As Chapter V stipulates, the nature of the projects entered into under a partnership contract will require discussions between the client and potential private partners to define the project and enter into the contract.  The ARCPB also expressly allows practices for selecting the partner and entering into a partnership contract that depart from the generally applicable rules for awarding contracts following public calls for tenders.

In addition, Bill 62 increases the latitude given to public bodies in connection with a partnership contract. More specifically, Chapter V would expressly authorize:

  • a public body to undertake discussions with the selected tenderer or each of the selected tenderers, as applicable, after the first stage of the selection process, to further define the technical, financial or contractual aspects of the project and give each of the selected tenders the opportunity to submit a proposal (currently, the ARCPB only allows such discussions with each of the selected tenderers);
  • a public body to negotiate, during and at the end of the selection process, with the selected tenderer or tenderers the provisions needed to finalize the contract while preserving the basic elements of the tender documents and the proposal (currently, the ARCPB only allows such negotiations to be held at the end of the selection process and only with the selected tenderer).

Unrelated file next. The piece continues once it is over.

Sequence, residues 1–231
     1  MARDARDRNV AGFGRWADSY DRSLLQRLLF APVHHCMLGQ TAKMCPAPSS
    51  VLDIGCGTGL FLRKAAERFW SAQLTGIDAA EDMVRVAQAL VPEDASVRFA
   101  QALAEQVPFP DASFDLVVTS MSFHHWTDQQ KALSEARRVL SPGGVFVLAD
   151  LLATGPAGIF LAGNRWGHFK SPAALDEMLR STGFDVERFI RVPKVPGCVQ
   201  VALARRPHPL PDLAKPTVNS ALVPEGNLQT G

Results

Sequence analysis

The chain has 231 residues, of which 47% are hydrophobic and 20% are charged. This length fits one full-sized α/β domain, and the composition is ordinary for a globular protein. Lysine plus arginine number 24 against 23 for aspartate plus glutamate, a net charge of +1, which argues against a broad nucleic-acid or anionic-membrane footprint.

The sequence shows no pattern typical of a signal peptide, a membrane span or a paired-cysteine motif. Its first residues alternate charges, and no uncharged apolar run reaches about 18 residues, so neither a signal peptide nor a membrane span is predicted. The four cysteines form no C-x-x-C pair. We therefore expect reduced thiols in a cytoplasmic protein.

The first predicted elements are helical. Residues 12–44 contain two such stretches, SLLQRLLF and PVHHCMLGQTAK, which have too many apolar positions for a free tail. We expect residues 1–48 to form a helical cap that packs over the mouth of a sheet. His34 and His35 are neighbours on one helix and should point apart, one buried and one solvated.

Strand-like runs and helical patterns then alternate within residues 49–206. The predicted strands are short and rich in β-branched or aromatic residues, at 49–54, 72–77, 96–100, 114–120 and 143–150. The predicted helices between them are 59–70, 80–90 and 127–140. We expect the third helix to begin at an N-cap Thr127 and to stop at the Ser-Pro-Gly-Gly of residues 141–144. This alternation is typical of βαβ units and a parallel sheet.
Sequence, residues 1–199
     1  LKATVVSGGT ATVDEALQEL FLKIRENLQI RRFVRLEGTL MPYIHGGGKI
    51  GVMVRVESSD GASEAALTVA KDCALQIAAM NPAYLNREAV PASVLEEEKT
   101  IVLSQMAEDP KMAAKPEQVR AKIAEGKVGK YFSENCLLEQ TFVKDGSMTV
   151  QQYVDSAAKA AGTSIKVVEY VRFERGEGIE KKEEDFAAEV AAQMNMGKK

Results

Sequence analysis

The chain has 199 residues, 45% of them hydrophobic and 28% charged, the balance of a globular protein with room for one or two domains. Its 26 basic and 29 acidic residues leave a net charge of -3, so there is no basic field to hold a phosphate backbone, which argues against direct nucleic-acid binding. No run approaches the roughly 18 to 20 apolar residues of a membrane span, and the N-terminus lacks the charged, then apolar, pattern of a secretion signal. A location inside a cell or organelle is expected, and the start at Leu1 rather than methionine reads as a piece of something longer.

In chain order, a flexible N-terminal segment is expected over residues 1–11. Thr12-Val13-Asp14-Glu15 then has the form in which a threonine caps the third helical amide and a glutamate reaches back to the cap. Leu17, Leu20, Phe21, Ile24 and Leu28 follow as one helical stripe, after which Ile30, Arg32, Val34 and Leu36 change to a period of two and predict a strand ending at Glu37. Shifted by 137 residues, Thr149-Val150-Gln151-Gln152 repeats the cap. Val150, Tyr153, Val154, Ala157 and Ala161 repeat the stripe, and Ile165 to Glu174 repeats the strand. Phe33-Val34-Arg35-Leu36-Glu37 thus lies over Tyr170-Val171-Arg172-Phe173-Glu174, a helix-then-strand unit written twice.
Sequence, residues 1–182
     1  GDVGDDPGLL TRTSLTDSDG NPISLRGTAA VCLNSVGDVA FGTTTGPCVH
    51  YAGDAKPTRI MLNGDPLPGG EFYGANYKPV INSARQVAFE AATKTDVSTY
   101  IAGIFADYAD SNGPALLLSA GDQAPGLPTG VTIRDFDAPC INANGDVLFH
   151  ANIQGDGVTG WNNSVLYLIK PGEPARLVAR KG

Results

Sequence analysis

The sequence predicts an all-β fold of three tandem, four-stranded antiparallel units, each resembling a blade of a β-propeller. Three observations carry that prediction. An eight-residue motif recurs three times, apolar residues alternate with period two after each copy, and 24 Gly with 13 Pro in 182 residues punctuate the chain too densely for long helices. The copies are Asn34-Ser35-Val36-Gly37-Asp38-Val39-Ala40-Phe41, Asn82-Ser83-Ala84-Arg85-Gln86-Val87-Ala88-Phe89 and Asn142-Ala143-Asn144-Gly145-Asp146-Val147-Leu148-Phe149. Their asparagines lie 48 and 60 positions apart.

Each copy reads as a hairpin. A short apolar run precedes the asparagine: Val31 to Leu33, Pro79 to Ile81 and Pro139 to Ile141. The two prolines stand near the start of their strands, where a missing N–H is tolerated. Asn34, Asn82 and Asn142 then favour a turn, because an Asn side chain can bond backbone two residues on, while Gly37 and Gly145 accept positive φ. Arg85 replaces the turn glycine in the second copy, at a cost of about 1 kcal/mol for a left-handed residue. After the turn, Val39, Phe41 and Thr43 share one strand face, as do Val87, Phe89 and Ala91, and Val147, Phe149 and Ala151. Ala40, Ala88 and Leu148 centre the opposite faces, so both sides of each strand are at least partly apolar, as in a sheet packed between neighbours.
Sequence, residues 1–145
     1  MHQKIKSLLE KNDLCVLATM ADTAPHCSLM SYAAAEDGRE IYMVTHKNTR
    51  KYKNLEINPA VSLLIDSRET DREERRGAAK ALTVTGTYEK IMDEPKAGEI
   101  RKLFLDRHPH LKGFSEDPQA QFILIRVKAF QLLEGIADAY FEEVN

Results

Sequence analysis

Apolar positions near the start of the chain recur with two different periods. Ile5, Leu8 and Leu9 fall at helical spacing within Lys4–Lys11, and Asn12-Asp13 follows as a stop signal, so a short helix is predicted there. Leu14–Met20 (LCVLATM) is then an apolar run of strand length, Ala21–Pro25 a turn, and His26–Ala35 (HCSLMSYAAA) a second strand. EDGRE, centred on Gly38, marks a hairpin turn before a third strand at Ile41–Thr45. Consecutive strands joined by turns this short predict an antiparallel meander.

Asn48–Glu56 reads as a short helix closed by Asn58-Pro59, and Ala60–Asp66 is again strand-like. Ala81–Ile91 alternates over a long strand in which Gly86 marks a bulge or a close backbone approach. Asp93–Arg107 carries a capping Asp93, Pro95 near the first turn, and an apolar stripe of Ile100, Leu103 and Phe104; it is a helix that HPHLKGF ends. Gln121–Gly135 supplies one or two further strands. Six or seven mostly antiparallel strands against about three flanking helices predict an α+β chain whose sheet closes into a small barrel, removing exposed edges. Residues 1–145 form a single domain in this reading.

Accordingly, Bill 62 provides public bodies with greater flexibility to conduct tenders for projects carried out under the partnership contract regime. These changes suggest that public bodies could work more closely with tenderers at all stages of the selection process, including at the end of the same.

Elimination of the requirement to publish a notice of intention for projects that received no compliant bids

Bill 62 proposes relaxing existing measures to speed up tendering processes by allowing a public body, following an unsuccessful call for tenders, to enter into a contract by mutual agreement without it being necessary to publish a notice of intention on the electronic tendering system, under certain conditions.8